Looking into OSHA guidelines for mask requirements, they support CDC recommendations for wearing a mask indoors to prevent further spread of COVID-19. So, if Butler was really following MCPHD’s guidelines, they would be following CDC and OSHA guidelines — which they clearly are not.
To make matters worse, in August 2021, MCPHD stated that they will not impose stricter mask mandates, but strongly encourage schools to do so. At this point, Butler’s administration should not only follow MCPHD’s guidelines, but they should be supplementing with more protective guidelines, especially with COVID-19 transmission rates being incredibly high.
Our community has already felt the impacts of Omicron. As of Jan. 14, Butler reported 123 positive cases among students and 13 positive cases among employees, the highest number our campus has seen since March of 2020.
Before sh*t hit the fan, Butler’s administration did try to prevent a surge in COVID-19 cases. On Jan. 4, many students received an email explaining that Panhellenic formal recruitment was suddenly pushed online because, “the Omicron variant has shown to be extremely contagious — even among individuals who are fully vaccinated.” The email expressed the desire of Butler administration to protect the health and well-being of the “nearly 2,000 students participating” in the recruitment process.
Where is the desire to protect the health and well-being of our students when allowing over 9,000 maskless people to come to basketball games?
The same sentiment seems to be lost among other sports venues throughout Indianapolis and the rest of the United States. Both Gainbridge Fieldhouse and Lucas Oil Stadium claim that they are concerned about the safety and well-being of their visitors and fans, but neither are enforcing a mask mandate in their buildings nor have they reduced capacity to less than 100% since the rise of Omicron variant cases.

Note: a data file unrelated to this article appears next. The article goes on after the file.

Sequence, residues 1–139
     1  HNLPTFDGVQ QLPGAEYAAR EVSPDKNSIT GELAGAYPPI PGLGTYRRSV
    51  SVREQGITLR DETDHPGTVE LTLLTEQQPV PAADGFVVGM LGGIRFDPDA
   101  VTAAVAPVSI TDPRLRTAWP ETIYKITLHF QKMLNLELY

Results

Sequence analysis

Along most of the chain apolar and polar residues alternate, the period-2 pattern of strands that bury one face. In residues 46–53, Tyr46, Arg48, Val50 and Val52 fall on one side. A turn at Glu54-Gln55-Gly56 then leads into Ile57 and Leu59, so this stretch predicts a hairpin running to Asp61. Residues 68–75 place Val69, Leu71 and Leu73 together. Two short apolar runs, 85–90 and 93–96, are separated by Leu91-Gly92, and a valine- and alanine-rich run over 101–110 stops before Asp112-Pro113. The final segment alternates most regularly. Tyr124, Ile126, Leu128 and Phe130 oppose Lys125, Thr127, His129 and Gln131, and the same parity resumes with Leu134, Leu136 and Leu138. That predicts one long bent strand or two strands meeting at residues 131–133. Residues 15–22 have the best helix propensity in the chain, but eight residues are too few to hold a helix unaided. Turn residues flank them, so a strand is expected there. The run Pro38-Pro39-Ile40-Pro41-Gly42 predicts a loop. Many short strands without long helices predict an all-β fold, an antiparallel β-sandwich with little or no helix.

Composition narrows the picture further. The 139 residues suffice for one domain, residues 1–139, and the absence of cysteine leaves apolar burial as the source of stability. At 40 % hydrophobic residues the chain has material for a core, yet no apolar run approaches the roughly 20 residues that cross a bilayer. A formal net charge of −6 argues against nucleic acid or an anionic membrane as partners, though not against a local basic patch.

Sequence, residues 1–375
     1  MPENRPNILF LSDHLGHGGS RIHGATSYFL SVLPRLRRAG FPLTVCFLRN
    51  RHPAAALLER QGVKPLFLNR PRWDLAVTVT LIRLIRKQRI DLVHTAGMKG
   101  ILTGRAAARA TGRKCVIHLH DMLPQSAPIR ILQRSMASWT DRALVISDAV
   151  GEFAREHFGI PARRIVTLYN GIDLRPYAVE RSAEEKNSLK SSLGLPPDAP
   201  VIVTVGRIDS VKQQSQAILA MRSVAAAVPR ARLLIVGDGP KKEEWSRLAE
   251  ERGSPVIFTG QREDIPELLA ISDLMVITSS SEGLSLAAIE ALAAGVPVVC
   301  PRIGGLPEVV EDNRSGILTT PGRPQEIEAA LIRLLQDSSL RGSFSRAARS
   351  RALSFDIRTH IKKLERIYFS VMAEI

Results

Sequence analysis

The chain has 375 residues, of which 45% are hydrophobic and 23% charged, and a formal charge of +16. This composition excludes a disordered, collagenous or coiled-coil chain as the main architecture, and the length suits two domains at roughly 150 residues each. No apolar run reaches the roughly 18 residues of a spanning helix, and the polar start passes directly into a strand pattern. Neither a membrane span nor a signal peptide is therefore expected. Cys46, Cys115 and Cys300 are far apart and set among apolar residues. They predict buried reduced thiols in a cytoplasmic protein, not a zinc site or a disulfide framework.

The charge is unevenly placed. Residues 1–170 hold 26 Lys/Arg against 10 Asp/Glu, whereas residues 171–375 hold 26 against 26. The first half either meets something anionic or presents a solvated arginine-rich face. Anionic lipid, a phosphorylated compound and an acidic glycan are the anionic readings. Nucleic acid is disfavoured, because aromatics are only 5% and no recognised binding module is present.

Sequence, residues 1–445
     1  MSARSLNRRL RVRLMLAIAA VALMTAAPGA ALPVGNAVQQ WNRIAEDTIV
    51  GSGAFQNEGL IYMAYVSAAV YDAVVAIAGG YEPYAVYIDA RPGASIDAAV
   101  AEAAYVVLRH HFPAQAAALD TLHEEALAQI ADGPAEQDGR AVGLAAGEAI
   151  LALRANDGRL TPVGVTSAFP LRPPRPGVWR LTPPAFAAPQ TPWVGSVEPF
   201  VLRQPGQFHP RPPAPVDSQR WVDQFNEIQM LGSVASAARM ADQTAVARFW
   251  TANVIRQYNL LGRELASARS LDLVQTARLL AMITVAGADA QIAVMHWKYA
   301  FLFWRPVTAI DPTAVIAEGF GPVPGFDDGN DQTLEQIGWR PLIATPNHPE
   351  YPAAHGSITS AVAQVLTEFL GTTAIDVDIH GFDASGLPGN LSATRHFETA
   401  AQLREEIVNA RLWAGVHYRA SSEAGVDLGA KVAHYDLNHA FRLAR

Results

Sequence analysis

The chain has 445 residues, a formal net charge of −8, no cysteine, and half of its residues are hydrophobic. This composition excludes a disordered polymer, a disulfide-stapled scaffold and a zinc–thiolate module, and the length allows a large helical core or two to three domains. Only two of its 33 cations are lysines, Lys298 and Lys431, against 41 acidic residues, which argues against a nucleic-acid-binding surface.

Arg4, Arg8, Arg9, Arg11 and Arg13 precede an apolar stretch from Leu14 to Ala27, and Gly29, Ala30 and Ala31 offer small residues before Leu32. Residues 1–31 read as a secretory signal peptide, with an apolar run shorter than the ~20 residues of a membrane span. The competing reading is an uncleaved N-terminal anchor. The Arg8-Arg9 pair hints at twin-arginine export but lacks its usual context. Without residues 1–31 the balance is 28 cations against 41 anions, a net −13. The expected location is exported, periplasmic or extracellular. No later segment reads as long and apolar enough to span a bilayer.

Of course, monetary motivations play a role in these decisions. The revenue from granting admission to as many people as possible, leads to as much profit as possible. However, corporations and institutions should not place profits over public health.
The NBA — which may be the hardest hit sports league in terms of players and staff that have been exposed to or contracted the virus — have not exactly been on a united front in terms of making it a main priority to try and reduce the spread. As of Jan. 13, only 15 out of the 30 teams require or strongly recommend masks as well as vaccination or a negative COVID-19 test within the past 48 hours, and just one team — the Toronto Raptors — has no fans in the arena during games.
Circling back to college basketball, COVID-19 has hit this season hard. As of Jan. 11, more than 140 Division I teams were forced to pause their season because of the wave of cases that began to surge in mid-December 2021. Five of the teams on that list were from the Big East.
Thankfully, some teams have decided to take action. Georgetown, a program that has had numerous players and coaches — including head coach Patrick Ewing Sr. — enter COVID-19 health and safety protocols, is one of those teams. Their arena has reduced to 25% capacity and will require proof of vaccination starting Jan. 15. Even though only two players — Ty Groce and D.J. Hughes — have entered COVID-19 health and safety protocols, Hinkle Fieldhouse should take similar steps in ensuring everyone’s safety if it really is a priority to them.
At the bare minimum, Butler needs to reinstate a mask policy at Hinkle Fieldhouse and for the BAEC and in the opinion of the authors, there should be proof of vaccination or a negative COVID-19 test to be granted entry. This is not only to protect the attendees of these events, but also the players, the performers and the community it impacts.